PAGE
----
iPhones were offered just to meet someone: KPL player opens up on fixing scandal in T20 league

Times Now

Times Now

Author 2019-11-09 12:31:41


The Karnataka Premier League fixing scandal is turning out to be one of the biggest cases of corruption in the sport in recent times. As many as six participants of the league have already been arrested, including four players, one coach, and one franchise owner. With players and members of the teams in the league gradually coming out and revealing more details on the scandal, one of the players said that they were being offered iPhones just to speak to someone on the condition of anonymity.

“It was a matter of when, not if,” a former Karnataka State Cricket Association (KSCA) official was quoted as saying. “When they know some guys simply won’t do it (fix), they are extremely careful around us. When you are not around, it becomes free for all,” said a player who has been playing in the KPL since the inaugural season in 2009.

Another player revealed how iPhones were being distributed among players just to meet someone and it was none other than the coach who had taken up the responsibility of getting phones distributed to the players.

“A player came up to me to say he was offered an iPhone just to meet someone. There is one coach who was carrying a bag full of iPhones to be distributed among players,” the player revealed.

In what seems to be only the start of a widespread web of corruption in the league, a former head of ICC and BCCI anti-corruption unit (ACU), Ravi Sawani, who was in charge of KPL's ACU last season through his private firm, confirmed that multiple approaches were made by bookies and fixers to players in order get inside information into the matches and fix certain outcomes of cricketing encounters.

“It is up to the management to deal with them and make them public. We monitored on a day-to-day basis. Whenever there were any issues, they were reported,” he said.


Isolated incidents aren't as difficult to report but the players come under huge pressure and dilemma when the root of the problem lies at the top. In cases where the team owner, the coach, or the captain is the one initiating acts of corruption, the players find it tough to report matters. This has been one of the scenarios in the KPL.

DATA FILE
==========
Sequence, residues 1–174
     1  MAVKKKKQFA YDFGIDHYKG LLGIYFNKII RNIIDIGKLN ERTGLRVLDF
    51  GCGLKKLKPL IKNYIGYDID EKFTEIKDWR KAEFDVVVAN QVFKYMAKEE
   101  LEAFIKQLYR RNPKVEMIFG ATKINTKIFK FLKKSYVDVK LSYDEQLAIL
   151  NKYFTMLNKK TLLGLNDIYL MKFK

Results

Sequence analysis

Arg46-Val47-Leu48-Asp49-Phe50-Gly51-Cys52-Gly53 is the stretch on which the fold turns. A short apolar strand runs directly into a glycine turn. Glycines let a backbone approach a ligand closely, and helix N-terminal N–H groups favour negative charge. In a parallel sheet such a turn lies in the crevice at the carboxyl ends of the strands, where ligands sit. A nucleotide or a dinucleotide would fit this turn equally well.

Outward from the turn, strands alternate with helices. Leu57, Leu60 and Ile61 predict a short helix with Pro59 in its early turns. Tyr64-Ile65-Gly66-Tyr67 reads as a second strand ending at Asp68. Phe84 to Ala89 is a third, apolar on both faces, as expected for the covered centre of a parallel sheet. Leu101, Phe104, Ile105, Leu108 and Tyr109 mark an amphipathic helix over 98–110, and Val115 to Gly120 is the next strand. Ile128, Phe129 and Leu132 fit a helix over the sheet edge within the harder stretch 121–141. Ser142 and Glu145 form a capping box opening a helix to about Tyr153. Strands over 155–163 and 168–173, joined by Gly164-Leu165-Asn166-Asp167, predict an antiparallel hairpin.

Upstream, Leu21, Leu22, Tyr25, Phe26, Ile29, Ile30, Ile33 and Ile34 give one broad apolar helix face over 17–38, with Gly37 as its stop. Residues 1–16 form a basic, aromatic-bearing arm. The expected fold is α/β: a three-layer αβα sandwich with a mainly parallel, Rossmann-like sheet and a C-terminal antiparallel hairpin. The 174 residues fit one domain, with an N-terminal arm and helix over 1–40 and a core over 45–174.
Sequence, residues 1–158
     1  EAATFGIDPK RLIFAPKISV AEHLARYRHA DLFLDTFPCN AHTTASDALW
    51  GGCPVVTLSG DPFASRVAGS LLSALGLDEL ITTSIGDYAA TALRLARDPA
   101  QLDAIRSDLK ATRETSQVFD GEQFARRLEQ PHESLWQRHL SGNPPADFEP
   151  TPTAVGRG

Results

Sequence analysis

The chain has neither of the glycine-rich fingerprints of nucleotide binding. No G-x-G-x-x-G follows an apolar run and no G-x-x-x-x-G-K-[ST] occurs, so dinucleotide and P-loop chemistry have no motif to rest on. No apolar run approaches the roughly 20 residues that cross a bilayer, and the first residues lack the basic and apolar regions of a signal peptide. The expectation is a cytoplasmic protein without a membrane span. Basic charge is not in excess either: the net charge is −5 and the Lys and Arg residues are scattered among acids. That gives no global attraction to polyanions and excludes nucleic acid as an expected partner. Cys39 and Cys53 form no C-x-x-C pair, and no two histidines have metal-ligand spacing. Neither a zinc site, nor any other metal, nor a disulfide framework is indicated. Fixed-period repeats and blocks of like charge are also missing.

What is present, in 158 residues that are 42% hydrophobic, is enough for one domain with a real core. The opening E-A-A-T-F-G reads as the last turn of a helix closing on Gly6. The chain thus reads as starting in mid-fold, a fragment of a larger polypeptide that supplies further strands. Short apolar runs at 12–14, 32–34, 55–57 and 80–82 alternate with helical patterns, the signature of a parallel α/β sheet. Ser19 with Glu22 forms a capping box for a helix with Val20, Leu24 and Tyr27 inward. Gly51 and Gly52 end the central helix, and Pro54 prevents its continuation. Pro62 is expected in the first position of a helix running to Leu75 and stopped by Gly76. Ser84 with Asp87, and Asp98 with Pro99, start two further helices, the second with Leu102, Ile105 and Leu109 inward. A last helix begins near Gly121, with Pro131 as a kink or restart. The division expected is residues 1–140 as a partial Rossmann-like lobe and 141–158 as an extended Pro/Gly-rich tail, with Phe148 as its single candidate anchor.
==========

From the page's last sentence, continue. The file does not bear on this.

“The problem is when the rot is top-down, players are reluctant to report. Even if you don’t want to do what they ask you to, reporting it when coaches and owners of your team are involved is not easy. My captain, who was clean, figured out how wrong things were within the team and began announcing the playing eleven in the team huddle after the communication devices were taken away,” a player reported.

A franchise official also revealed that one of the players was dropped by the team skipper as his rate of scoring runs wasn't apt. It was later found out that the player was deliberately scoring slow, as it was in the context of the 'fixing' arrangement he had made.

“A senior player was dropped for batting slow by the captain. He thought it was poor form. He later discovered batting slow was part of the fix,” a franchise official said.

“It’s happened in a real match situation where the captain was waiting for instructions on whether to bat or bowl before going for the toss,” another player revealed.


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